In this study, we analysed over 54,000 volunteer-generated records to examine temporal patterns of wildlife roadkill in the UK. Using this large dataset, we identified the seasonal variations in road mortality of wildlife in the UK and discussed the behavioural, ecological and abiotic factors that may have driven this variation as well as the utility of the data for mitigation. Specifically, we aimed to determine: 1) whether there is seasonal variation in roadkill and 2) whether seasonality in roadkill is taxon-specific. We also 3) tested for the influences of unseasonal temperature and rainfall on taxon-specific temporal variation.
The data used for this study were compiled by a citizen science roadkill recording scheme hosted at Cardiff University (www.projectsplatter.co.uk) spanning 2014–2019. Data constituted ad hoc records of wildlife roadkill, comprising date, location and species identity, submitted year-round and UK-wide by citizen scientists, and by other organisations (e.g. local authorities and species interest groups, such as Cardiff University Otter Project https://www.cardiff.ac.uk/otter-project). Basic validation checks were made by ensuring that records were within a species’ known geographic range and mapped onto a road location. Previous studies on species identification skills by participants in other citizen science roadkill recording schemes have shown data collection to be very reliable [33, 44]. Despite this, we acknowledge that identification skills of some participants, and the condition of carcasses, may not enable all roadkill to be identified to species level, and have grouped some taxa accordingly (see below–‘Taxa included in this study’). Dates, locations, and species identification of roadkill were collected for 5 years from January 1st 2014 until December 31st 2019, forming a dataset of ca. 54,000 records, with the average number of individual reporters to the project each year being around 562 (see S1 Text and S1–S3 Figs for a summary of reporter behaviour). The data used for this study are available online via the National Biodiversity Network Atlas (https://registry.nbnatlas.org/public/show/dp205).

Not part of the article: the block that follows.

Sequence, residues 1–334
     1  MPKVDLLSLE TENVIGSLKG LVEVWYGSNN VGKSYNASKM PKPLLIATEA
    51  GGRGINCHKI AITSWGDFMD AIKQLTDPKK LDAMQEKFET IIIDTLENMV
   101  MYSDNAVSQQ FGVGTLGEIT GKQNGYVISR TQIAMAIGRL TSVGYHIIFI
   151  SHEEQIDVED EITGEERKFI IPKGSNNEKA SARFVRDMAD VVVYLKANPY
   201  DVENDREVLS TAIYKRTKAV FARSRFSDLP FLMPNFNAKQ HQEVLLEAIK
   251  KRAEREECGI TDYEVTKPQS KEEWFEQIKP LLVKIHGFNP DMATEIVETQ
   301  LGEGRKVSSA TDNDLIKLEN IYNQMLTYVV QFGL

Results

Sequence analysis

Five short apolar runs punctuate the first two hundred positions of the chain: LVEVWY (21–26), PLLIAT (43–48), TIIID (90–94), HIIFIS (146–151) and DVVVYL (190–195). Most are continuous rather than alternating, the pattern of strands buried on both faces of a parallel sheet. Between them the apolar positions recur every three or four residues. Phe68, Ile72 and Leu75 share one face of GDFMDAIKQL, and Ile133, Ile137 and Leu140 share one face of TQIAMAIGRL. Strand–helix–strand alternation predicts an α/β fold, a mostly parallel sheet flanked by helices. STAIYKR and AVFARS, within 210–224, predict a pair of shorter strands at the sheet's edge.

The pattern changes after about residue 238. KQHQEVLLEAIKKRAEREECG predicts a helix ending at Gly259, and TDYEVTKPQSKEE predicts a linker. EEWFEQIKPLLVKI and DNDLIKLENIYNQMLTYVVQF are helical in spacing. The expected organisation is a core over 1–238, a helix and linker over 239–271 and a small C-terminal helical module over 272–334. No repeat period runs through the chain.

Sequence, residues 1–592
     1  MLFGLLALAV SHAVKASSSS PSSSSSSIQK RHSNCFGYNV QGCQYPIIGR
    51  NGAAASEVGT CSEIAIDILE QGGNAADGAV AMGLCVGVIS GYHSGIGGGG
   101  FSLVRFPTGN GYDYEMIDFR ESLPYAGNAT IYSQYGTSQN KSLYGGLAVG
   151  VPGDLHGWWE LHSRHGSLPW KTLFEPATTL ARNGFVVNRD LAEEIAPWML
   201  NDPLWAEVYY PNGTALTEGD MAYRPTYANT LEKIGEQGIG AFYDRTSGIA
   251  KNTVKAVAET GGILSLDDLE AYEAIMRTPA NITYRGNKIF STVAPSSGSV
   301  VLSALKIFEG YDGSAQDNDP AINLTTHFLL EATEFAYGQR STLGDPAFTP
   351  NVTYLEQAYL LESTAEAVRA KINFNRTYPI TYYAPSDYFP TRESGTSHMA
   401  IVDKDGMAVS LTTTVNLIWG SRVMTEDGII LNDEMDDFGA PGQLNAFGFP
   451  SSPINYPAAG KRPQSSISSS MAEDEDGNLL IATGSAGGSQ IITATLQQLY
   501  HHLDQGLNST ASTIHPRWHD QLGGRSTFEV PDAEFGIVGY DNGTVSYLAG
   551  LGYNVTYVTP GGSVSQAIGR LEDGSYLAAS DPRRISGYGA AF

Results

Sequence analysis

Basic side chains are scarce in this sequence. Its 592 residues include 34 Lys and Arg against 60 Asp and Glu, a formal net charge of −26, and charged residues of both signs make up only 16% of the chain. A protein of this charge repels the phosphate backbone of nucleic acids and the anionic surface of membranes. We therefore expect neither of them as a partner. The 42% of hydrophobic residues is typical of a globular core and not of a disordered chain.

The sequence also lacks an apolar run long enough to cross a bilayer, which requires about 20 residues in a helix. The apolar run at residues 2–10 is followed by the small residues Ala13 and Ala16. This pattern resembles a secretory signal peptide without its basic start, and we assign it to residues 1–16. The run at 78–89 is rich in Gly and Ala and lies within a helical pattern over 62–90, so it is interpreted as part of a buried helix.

Seasonal variation in wildlife roadkill in the UK
Taxa included in this study.